The author's concept or purpose is to dispel many of the misleading, and speculative notions on the nature of Jewish mysticism. In the process, taking the mystical/magical portions for the most part out of the equation.
What I like best about Scholem's work is that he is not so concerned with what the meaning of each Kabbalistic notion but is primarily concerned with where it originated and what circumstances allowed for the development of an idea. This allows for an objective and unbiased consideration of the concept being studied.
What you won't get in this book that you will find in most others about this subject is the promotion thereof. No evangelical tendencies exist which make for a more throrough reading.
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27 of 31 people found the following review helpful By Arch Llewellyn on March 27, 2001
Format: Paperback
With these nine snapshots of Great Moments in Jewish Mysticism, Scholem gives an amazing crash course in an immense & complex spiritual tradition. His chapter on the Zohar is especially helpful, with concise explanations of tricky concepts like Sefiroth and the Shekinah, God's female aspect (I had no idea! Though since reading this I've heard Leonard Nimoy say that he copped Spock's split-finger greeting from synagogue, where it signaled the Shekinah's presence).
Scholem's affection for the Kabbalists stems from his belief that they kept alive a mythic, almost pantheistic, vision of God against the more rationalizing tendencies of mainstream Judaism. The mystics as he describes them, despite their arcane systems, were closer to popular beliefs and aspirations than the 'official' rabbinical tradition. In 1938, when Scholem gave these lectures, he hoped for a spiritual revival from within Jewish mysticism at a moment of crisis. I don't know if the New Age hipness of the Kabbalah was what he had in mind, but for all the measured, scholarly prose his heart is clearly with the weirdos.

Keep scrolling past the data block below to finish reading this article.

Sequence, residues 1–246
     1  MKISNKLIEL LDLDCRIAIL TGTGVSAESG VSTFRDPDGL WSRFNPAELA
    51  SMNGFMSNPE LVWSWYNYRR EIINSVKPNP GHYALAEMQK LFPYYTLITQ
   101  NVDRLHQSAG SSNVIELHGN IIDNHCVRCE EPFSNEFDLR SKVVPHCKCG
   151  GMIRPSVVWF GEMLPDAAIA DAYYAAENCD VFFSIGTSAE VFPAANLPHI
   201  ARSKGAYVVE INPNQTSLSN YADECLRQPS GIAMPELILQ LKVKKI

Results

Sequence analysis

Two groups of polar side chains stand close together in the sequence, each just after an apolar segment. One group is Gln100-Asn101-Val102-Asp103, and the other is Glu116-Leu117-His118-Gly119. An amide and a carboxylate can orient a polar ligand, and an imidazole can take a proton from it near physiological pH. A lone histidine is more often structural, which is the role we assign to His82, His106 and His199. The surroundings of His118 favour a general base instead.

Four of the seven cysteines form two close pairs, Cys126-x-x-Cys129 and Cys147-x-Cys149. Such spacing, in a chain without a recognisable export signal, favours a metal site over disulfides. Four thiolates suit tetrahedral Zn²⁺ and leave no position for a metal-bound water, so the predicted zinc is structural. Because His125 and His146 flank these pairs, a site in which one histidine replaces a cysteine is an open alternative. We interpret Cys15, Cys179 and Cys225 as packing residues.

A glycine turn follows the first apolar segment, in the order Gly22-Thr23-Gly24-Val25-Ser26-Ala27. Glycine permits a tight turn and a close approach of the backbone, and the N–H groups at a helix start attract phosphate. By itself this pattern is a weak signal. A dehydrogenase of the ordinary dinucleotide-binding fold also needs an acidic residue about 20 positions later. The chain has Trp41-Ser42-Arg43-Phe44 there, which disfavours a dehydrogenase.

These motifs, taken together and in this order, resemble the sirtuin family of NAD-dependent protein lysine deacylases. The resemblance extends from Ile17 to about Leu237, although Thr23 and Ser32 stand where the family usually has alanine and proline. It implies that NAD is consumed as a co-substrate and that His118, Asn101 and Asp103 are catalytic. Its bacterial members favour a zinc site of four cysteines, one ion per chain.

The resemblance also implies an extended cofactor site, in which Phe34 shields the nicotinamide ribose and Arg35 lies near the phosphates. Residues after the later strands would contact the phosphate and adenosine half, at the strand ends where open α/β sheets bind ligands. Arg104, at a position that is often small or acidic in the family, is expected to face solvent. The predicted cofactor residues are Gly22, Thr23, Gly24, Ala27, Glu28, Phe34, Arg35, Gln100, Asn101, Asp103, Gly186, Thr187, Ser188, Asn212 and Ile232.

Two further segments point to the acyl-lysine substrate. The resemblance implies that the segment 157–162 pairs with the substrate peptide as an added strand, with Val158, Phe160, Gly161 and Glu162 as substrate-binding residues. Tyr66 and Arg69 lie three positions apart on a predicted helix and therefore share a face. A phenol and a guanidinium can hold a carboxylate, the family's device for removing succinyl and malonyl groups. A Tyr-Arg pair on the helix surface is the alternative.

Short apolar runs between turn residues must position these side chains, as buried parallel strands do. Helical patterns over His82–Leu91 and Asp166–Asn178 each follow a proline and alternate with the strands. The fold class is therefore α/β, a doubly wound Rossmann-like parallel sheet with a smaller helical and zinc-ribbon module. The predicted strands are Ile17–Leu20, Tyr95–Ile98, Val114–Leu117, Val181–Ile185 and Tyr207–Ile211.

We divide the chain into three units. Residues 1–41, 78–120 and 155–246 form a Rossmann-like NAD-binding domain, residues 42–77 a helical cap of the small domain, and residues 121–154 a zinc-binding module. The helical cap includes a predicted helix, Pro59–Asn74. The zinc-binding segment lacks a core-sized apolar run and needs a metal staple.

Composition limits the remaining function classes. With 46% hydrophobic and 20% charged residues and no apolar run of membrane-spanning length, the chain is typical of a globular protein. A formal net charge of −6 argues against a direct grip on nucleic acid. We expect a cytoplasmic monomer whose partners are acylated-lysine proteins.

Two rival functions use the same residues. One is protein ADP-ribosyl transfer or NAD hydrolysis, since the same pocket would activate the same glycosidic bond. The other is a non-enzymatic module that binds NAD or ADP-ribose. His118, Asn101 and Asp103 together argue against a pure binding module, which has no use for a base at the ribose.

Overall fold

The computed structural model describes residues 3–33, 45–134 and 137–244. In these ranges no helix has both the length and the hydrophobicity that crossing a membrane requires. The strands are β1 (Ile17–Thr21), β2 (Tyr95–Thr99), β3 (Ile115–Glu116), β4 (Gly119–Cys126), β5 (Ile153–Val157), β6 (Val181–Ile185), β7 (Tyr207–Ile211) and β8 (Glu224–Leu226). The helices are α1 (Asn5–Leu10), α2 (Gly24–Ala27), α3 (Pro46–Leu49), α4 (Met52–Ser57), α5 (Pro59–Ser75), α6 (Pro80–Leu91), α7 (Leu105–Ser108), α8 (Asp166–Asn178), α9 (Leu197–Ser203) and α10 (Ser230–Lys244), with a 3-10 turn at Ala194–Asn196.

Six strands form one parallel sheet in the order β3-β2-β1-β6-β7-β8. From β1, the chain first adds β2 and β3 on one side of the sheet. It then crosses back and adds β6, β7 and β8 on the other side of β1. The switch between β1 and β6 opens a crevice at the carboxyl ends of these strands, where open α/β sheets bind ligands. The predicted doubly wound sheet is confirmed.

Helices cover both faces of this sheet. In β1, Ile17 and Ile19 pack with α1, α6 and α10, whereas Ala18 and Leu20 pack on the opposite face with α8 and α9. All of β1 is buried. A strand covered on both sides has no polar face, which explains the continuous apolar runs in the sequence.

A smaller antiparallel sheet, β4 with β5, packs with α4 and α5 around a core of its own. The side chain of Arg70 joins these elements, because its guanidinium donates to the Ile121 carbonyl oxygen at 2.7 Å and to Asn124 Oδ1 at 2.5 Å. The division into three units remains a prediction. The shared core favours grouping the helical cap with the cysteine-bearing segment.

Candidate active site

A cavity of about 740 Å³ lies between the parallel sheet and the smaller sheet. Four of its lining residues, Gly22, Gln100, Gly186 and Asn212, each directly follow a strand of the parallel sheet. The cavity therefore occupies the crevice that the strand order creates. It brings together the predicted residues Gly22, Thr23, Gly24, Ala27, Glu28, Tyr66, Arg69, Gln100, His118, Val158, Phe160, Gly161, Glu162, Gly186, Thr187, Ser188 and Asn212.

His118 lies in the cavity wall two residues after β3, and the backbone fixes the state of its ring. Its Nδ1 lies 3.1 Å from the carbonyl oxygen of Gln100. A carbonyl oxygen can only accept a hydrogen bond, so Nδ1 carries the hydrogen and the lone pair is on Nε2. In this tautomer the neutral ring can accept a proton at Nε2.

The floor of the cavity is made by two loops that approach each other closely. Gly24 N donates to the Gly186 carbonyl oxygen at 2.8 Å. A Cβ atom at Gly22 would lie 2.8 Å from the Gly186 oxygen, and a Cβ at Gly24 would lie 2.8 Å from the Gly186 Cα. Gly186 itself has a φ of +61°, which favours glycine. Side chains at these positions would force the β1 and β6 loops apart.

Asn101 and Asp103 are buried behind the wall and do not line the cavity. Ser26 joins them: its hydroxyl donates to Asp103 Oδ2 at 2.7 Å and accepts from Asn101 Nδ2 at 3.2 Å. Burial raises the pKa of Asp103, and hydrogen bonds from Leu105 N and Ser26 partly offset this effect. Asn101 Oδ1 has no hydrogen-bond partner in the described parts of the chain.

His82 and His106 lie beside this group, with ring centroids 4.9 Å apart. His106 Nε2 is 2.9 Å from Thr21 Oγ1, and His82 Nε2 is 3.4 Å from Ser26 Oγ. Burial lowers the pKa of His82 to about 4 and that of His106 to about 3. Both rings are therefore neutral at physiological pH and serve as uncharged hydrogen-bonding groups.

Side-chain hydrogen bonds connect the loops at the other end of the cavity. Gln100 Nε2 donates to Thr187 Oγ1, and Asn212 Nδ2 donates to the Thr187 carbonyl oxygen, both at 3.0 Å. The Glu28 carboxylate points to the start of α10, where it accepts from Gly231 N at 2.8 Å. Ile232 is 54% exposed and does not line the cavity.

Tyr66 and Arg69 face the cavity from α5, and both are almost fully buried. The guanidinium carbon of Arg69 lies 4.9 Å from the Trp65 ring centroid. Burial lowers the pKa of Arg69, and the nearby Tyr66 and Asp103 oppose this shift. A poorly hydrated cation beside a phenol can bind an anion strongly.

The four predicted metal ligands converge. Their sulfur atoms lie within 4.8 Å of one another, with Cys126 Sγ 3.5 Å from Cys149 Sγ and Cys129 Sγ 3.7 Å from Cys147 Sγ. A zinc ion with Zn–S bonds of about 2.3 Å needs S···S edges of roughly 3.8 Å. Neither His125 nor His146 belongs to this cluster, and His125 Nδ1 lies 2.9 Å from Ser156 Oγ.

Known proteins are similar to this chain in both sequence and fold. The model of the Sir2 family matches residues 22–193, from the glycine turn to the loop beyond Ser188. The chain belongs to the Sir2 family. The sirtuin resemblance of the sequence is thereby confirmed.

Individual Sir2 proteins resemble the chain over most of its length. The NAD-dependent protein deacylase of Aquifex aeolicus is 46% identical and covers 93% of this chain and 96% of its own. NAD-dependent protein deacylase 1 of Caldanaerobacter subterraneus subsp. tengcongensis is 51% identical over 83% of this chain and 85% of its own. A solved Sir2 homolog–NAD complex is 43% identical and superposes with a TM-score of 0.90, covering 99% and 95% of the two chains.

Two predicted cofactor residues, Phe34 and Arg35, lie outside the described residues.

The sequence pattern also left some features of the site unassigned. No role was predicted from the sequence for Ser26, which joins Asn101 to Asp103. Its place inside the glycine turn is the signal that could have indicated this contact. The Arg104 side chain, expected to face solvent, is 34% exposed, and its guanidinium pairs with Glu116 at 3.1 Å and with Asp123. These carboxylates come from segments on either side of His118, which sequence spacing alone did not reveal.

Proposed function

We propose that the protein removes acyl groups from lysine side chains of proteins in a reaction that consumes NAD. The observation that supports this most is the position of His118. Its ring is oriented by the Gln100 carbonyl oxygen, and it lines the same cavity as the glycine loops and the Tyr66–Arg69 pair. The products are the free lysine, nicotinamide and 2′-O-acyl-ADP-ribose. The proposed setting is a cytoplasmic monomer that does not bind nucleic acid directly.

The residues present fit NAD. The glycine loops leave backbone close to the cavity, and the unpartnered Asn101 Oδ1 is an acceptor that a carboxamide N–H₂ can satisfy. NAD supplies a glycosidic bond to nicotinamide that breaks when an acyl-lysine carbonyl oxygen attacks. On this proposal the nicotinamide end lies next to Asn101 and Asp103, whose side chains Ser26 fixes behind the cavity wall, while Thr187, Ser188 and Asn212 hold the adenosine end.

I knew almost nothing about Jewish mysticism going into this book. I put it down with a new respect for one of the human mind's more intricate and neglected creations.
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18 of 21 people found the following review helpful By Neal J. Pollock VINE VOICE on November 22, 2004
Format: Paperback
Gershom Scholem transformed Kabbalah into an acceptable academic discipline. Today many writers/scholars/professors follow in his footsteps (e.g. Wolfson and Idel). He, no doubt, did us a great service. It should be noted, however, that he was an historian--neither scientist nor Kabbalist. He appears to have faithfully presented Kabbalistic doctrines, teachings, etc. Nonetheless, the reader should be sensitive to a certain lack of scientific viewpoint on the one hand and mystical/experiential knowledge and orientation on the other--in all of his works. That said, this is a wonderful book, probably his best (certainly his most famous) and one of the best available today on Kabbalah per se. If you like this book, I'd recommend you also read, "Jewish Gnosticism-Merkabah Mysticism-and Talmudic Tradition," "On the Mystical Shape of the Godhead," and his voluminous entry in a Jewish Encyclopedia on Kabbalah published as a stand-alone volume entitled, "Kabbalah." Both this last work and "Major Trends" illuminate most of the main Kabbalistic concepts (e.g. the Shekinah, the female Presence or Immanence of God). Any serious student of Kabbalah will find the present work a necessary addition to his/her repertoire. It's probably the best known contemporary work on the subject. The historical data has great breadth and considerable depth. However, it does suffer from Scholem's lack of mystical or scientific background. For example, near the very front of the book, he asserts that no on would consider the prophets to be mystics. This is untrue. Since I consider it so (and he's broken the non-all ness principle), he is simply wrong. Since a mystic has direct knowledge or contact with God, and prophets have such, they are most definitely mystics.Read more ›